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Win2k NAT'd by 1650 to a PIX 515 - Not working

Hello

:

I have a working VPN config on my 515 (6.2.2) and can tunnel from a host with a valid external IP with no problem. But, with a NAT'd client, nothing seems to work.

I am using TACACS to authenticate after using a group password. Here's the succession of events.

1) Client machine as a 10.0.0.1 address, NAT'd to a public address, coming in the 'outside' port.

2) Client connects, user enters TACACS password and is connected.

3) User tries to browse any service and cannot.

4) If user switches DNS to an outside server, the internet portion of the split tunnel works great, but the internal is still broken.

5) Clients with static IP addresses that are publically routable get connected and can perform all internal and external split tunnel activities.

Here are config snippets. Am I doing something wrong?

sysopt connection permit-ipsec

no sysopt route dnat

crypto ipsec transform-set noaset esp-des esp-md5-hmac

crypto dynamic-map dynnoamap 10 set transform-set noaset

crypto map noamap 10 ipsec-isakmp dynamic dynnoamap

crypto map noamap client authentication harpy

crypto map noamap interface outside

isakmp enable outside

isakmp identity address

isakmp policy 10 authentication pre-share

isakmp policy 10 encryption des

isakmp policy 10 hash md5

isakmp policy 10 group 2

isakmp policy 10 lifetime 86400

vpngroup noagroup address-pool noapool

vpngroup noagroup dns-server 66.119.192.1

vpngroup noagroup wins-server 66.119.192.4

vpngroup noagroup default-domain noanet.net

vpngroup noagroup split-tunnel vpn-ips

vpngroup noagroup idle-time 3600

vpngroup noagroup password ********

Help and thanks in advance.

Mike

1 ACCEPTED SOLUTION

Accepted Solutions
Cisco Employee

Re: Win2k NAT'd by 1650 to a PIX 515 - Not working

You're not doing anything wrong. The problem is that NAT (actually PAT, port address translation) and IPSec don't work very well, and a lot of PAT devices can't PAT IPSec traffic at all (PIX included until 6.3 release).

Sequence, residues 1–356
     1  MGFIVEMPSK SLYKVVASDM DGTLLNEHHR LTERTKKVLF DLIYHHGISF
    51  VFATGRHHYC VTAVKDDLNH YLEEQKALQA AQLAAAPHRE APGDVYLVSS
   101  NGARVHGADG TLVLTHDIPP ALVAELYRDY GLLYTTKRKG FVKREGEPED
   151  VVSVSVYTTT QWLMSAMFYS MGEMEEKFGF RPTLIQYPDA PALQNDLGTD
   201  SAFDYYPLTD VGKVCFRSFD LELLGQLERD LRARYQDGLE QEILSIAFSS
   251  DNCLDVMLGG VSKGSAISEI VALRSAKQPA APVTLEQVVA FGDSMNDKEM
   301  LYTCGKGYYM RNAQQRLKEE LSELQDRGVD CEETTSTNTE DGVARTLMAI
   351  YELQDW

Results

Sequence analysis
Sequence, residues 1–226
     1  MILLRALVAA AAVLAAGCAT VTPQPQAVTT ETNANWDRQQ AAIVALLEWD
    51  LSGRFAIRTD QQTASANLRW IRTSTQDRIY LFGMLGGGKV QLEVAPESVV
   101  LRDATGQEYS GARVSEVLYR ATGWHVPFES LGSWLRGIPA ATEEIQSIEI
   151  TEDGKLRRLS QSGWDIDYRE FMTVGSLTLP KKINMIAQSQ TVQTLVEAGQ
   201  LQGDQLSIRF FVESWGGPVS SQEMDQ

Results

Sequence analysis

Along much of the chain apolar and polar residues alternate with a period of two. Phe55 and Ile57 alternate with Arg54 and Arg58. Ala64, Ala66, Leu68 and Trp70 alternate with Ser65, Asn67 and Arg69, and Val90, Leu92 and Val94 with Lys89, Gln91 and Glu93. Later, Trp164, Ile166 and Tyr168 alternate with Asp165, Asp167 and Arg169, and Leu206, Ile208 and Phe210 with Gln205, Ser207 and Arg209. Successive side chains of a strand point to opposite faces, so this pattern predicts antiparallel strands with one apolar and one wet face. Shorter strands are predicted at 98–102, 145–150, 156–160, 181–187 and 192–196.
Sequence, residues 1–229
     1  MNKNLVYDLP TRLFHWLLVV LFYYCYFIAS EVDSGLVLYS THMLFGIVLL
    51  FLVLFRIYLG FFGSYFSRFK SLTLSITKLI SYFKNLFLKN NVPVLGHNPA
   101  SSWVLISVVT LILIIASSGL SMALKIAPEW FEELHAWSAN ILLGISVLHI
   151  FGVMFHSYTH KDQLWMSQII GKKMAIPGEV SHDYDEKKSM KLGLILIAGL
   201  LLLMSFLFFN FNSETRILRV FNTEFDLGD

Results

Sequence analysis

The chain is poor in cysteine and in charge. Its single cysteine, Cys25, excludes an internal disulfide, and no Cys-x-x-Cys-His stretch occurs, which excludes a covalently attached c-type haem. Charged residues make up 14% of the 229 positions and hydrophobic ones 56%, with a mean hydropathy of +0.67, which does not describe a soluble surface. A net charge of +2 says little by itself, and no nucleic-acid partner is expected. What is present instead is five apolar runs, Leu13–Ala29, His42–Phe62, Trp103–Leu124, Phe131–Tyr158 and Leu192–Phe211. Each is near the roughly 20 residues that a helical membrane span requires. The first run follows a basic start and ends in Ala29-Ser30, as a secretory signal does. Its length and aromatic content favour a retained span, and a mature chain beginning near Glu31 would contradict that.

The trouble is that PAT relies on using the TCP or UDP source port number as a way to differentiate between all the different sessions, seeing as they're all PAT'd to the same source IP address. IPSec however (ESP at least), runs right on top of IP, in other words, it's NOT a TCP or UDP protocol, and therefore has no port number associated with it. This breaks most PAT devices.

The reason you can build your tunnel initially is that this is all done by ISAKMP, which is a UDP protocol, so this can be PAT'd fine. Once the tunnel is built however, all encrypted data is sent in ESP packets, which as I said, is not a TCP or UDP protocol.

Static NAT trnalsations work cause they don't rely on using the port number, they just change the source address which works fine with ESP.

There's not a whole lot you can do about this. If you were terminating the VPN into a VPN3000 concentrator, it has a feature called IPSec thru NAT, which encapsulates all the ESP packets into a UDP packet which can then be PAT'd properly. The PIX, unfortunately, doesn't have this feature. The only other workaround is to get a NAT device that handles IPSEc properly. Surprisingly some of the cheaper devices on the market do handle it, but you'd have to check with each manufacturer to be sure.

1 REPLY
Cisco Employee

Re: Win2k NAT'd by 1650 to a PIX 515 - Not working

You're not doing anything wrong. The problem is that NAT (actually PAT, port address translation) and IPSec don't work very well, and a lot of PAT devices can't PAT IPSec traffic at all (PIX included until 6.3 release).

The trouble is that PAT relies on using the TCP or UDP source port number as a way to differentiate between all the different sessions, seeing as they're all PAT'd to the same source IP address. IPSec however (ESP at least), runs right on top of IP, in other words, it's NOT a TCP or UDP protocol, and therefore has no port number associated with it. This breaks most PAT devices.

The reason you can build your tunnel initially is that this is all done by ISAKMP, which is a UDP protocol, so this can be PAT'd fine. Once the tunnel is built however, all encrypted data is sent in ESP packets, which as I said, is not a TCP or UDP protocol.

Static NAT trnalsations work cause they don't rely on using the port number, they just change the source address which works fine with ESP.

There's not a whole lot you can do about this. If you were terminating the VPN into a VPN3000 concentrator, it has a feature called IPSec thru NAT, which encapsulates all the ESP packets into a UDP packet which can then be PAT'd properly. The PIX, unfortunately, doesn't have this feature. The only other workaround is to get a NAT device that handles IPSEc properly. Surprisingly some of the cheaper devices on the market do handle it, but you'd have to check with each manufacturer to be sure.

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